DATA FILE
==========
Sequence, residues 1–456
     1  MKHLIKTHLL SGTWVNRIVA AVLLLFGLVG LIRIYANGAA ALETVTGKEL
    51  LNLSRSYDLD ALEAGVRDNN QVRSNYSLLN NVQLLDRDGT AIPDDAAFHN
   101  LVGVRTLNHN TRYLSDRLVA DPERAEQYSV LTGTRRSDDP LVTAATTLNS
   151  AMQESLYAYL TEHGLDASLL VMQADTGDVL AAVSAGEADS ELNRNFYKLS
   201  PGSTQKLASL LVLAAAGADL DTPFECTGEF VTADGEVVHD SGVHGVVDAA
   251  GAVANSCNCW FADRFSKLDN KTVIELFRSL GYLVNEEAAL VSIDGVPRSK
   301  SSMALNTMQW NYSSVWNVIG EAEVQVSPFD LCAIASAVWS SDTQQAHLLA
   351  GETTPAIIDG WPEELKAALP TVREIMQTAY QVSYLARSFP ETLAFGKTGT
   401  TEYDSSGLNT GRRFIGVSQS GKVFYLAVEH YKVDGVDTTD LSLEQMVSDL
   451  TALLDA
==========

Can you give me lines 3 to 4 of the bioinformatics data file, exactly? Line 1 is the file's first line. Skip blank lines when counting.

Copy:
    51  LNLSRSYDLD ALEAGVRDNN QVRSNYSLLN NVQLLDRDGT AIPDDAAFHN
   101  LVGVRTLNHN TRYLSDRLVA DPERAEQYSV LTGTRRSDDP LVTAATTLNS